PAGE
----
As we trailed away from the washing station along the main road through the village, we attracted dozens of children, becoming a parade, an uncommon attraction. Mud thatched huts lined the path, interspersed with the occasional brick house, all small, humble dwellings. I imagined myself settling into one of them for a month or two or three, calling Kiniezire my home and working for the cooperative, advising on quality control, learning processing systems, offering support wherever I could. Cassava leaves and fresh tilapia every day? I could get used to that. How much money would it take to set my “real” job aside for a while and live here, simply, unfettered in this remote and unspoiled place?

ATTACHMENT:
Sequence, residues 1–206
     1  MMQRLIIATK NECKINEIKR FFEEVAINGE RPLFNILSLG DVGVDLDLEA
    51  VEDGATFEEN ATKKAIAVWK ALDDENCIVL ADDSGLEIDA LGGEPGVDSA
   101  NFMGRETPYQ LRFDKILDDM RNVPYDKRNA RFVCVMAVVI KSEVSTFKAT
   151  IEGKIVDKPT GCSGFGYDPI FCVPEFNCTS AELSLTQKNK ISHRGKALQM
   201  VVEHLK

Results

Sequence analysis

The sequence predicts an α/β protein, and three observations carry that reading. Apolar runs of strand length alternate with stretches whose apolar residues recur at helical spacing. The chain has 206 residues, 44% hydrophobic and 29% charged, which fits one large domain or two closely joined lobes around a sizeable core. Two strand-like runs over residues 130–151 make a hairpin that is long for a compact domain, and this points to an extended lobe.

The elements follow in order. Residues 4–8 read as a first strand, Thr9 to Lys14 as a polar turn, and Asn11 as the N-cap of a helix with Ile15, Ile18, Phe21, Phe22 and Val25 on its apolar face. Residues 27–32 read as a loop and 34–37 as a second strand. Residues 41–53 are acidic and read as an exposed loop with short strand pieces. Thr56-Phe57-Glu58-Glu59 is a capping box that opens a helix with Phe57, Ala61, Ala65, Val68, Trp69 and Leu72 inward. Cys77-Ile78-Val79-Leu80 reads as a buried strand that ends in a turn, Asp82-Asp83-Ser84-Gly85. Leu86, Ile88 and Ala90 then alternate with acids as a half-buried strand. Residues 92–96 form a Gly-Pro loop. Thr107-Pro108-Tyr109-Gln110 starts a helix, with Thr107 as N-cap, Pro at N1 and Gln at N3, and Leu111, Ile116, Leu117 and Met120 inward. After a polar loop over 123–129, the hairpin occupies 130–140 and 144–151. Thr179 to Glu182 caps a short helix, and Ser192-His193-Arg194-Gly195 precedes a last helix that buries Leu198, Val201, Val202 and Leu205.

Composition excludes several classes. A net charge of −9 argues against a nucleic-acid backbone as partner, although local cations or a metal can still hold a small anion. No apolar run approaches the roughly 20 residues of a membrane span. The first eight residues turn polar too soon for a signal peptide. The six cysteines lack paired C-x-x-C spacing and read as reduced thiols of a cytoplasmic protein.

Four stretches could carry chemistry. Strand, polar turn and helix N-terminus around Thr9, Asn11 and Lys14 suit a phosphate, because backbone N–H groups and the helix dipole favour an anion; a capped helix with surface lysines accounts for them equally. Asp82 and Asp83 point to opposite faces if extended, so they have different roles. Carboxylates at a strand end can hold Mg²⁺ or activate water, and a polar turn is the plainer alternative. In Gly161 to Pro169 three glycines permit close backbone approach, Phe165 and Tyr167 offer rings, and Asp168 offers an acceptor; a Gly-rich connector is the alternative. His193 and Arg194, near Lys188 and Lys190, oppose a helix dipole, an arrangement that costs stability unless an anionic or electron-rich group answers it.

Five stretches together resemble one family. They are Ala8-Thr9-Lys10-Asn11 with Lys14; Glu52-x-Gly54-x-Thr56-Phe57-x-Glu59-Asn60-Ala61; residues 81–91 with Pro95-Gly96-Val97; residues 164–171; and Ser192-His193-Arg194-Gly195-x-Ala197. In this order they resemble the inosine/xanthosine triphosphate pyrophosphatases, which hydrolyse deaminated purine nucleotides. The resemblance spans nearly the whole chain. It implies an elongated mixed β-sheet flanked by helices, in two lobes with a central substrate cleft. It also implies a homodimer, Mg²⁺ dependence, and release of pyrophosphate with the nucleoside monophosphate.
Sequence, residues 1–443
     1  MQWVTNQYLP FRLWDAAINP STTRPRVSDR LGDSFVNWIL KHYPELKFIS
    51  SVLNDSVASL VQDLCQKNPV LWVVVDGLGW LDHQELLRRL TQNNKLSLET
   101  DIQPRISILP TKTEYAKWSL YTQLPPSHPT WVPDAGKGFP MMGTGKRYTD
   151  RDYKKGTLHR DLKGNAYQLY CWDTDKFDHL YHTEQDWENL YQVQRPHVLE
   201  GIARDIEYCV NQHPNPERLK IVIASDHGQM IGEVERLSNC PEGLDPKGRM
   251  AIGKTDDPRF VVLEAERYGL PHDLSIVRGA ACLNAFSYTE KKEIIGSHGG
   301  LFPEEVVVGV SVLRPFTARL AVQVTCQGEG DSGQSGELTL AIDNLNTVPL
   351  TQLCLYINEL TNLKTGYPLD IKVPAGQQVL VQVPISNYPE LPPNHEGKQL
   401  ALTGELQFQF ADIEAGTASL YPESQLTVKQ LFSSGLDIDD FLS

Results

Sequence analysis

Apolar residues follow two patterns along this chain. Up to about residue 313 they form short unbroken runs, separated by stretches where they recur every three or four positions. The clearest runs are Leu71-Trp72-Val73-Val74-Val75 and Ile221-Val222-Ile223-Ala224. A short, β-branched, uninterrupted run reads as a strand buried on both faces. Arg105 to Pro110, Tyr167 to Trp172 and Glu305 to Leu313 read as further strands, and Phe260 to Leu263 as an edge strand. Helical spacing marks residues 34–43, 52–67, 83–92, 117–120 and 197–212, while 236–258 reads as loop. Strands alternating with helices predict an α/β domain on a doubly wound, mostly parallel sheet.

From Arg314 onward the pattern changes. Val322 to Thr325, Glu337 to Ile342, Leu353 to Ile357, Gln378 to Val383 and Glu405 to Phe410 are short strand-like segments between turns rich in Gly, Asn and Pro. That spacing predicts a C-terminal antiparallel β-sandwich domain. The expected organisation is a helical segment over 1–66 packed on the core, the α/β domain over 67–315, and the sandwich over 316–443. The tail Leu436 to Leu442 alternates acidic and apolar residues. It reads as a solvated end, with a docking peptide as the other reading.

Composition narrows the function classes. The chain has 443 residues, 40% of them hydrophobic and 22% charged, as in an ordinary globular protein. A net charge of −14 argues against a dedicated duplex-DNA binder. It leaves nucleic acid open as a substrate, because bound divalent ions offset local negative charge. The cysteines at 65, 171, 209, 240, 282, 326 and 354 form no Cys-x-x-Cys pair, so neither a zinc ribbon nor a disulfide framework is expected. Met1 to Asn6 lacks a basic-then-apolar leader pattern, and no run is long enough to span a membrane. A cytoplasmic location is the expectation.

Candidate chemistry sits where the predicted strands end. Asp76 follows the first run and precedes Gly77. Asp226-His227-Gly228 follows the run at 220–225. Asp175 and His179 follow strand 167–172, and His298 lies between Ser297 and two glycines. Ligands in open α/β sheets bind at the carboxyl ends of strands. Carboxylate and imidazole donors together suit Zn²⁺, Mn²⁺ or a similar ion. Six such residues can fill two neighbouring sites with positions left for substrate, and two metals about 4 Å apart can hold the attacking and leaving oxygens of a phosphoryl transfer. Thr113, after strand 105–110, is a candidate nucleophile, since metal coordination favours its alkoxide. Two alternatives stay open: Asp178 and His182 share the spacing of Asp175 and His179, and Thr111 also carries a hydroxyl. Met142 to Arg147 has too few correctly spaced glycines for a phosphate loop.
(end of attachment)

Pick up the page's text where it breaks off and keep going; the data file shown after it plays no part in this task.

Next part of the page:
I let my imagination wander for more than a few minutes. Not practical, of course. I have responsibilities at home, diverse tasks at work, people who would miss me and whom I would miss. More than another body and two hands, the communities of Muungano need the work we are doing at home to share their stories and sell their coffee. So I pull myself out of that reverie. I focus on this work. I “introduce” coffee lovers to Ismael and Daniel and Vedaste, Mapende and Bajuwe and Herman. Though there are miles and miles of roads between us, their work forms the pulse of specialty coffee: a passion forming a brighter future for the DRC.
--Jennifer Yeatts, Director of Coffee